Beatles at the Star-Club 1962

These are the punk Beatles. Raw and relentless playing fast and furious. The Beatles before the world was paying attention to them. This was recorded on an old reel to reel recorder on the slowest speed to conserve tape. It was not meant to be an album or anything commercial. A friend named Ted “King Sized” Taylor the leader of a band called the Dominoes, put a microphone near the stage to record them. The quality is poor, to say the least.

It was released in 1977 and the record company sunk 100,000 dollars just to make the audio listenable.

The Beatles were playing to an audience of sailors, prostitutes, drunks and gangsters. They would rip through songs at such a speed that only 2 songs on this double album are over 3 minutes long.

They are a great band here. You catch them with their guard down and acting completely natural.

The Beatles were in their last club dates at Hamburg. They had already recorded Love Me Do and it was on the charts. They did not want to be back in Hamburg but they honored a previous agreement and was there. They didn’t mail the performances in but they were loose and relaxed.

It contains mostly cover songs with very few originals. The track listing is at the bottom of the post. This is close to what Brian Epstein heard when he first saw them, this is why they took over Liverpool and this is why they got signed.

Casual fans will not want this album but serious Beatles fans will love it. This is more than a low fidelity album…it is history. John Lennon always said that the world didn’t hear the best of the Beatles live…I agree.

After they became THE Beatles…they could not hear themselves play because of the long constant jet taking off screaming. On this album you hear them as they were before the screams.

I was 11 when I bought this and I didn’t get the importance to a few years later.

This is out of the book Tune In… Without a doubt the best book out on the Beatles. It’s the first of three volumes.

Their playing is adept and hyper-energetic, and the microphone catches many important moments. The tape’s value has been downplayed on the basis that the Beatles are musically sloppy and perhaps even lazy, knowing they’ve one foot out of the door, but this is to ignore its virtues. The Beatles did hate being in Hamburg this last time … but the recording shows them still cutting the mustard on stage. They’re sloppy because, here, they can be, but they’re not lazy, and they’re not playing with extra care because they’re being recorded: this is an authentic eavesdrop on their club act, not something fizzed-up for the tape machine.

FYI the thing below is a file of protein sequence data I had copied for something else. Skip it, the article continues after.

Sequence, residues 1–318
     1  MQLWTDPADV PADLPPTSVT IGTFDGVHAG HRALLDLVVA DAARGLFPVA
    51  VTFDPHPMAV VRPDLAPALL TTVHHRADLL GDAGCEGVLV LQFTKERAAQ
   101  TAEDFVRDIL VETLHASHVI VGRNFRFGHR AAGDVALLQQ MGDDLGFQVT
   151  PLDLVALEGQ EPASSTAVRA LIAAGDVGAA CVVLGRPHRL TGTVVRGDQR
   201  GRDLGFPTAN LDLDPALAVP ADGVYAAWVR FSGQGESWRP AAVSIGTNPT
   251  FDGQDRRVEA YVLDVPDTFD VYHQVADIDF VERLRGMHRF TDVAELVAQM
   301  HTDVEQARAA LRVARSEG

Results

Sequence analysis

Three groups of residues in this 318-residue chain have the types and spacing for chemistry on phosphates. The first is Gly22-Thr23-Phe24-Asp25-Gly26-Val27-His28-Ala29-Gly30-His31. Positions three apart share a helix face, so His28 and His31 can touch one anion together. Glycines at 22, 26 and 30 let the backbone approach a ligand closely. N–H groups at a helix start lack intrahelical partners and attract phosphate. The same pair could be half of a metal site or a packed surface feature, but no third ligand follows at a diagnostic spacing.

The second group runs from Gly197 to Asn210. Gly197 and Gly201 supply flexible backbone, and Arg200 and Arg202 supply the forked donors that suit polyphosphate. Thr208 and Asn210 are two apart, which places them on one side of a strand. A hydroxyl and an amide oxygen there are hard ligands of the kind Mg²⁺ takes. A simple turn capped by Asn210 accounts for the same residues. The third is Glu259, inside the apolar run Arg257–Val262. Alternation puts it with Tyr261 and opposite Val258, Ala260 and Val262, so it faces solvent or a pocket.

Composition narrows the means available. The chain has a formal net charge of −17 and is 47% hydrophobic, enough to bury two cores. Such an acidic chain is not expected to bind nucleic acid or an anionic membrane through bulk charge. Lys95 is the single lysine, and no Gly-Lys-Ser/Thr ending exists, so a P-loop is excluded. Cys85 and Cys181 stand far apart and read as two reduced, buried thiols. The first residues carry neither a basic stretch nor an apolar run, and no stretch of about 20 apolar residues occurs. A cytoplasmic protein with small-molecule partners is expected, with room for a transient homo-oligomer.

At least three sets were recorded, and because the Beatles rarely repeated themselves in Hamburg, there are only five duplicates among the thirty-seven songs. The repertoire is a real surprise. The only self-written pieces are “Ask Me Why” and “I Saw Her Standing There” (twice), so there’s no “Love Me Do,” “PS I Love You,” “Please Please Me,” “One After 909” or any of several other possibilities, and there are few of the songs from the spine of their all-conquering 1962 stage sets—no “Some Other Guy,” “Soldier of Love,” “Please Mr. Postman,” “Don’t Ever Change,” “A Shot of Rhythm and Blues,” “Devil in Her Heart,” “Baby It’s You,” “Will You Love Me Tomorrow,” “If You Gotta Make a Fool of Somebody,” “Hey! Baby, A Picture of You,” and so on. What’s here is an idiosyncratic selection of old rock numbers all played at breakneck speed—Prellies pace. The nights of half-hour “What’d I Say” marathons are past: everything is high velocity, only three numbers tipping into three minutes.

 

 

 

Side one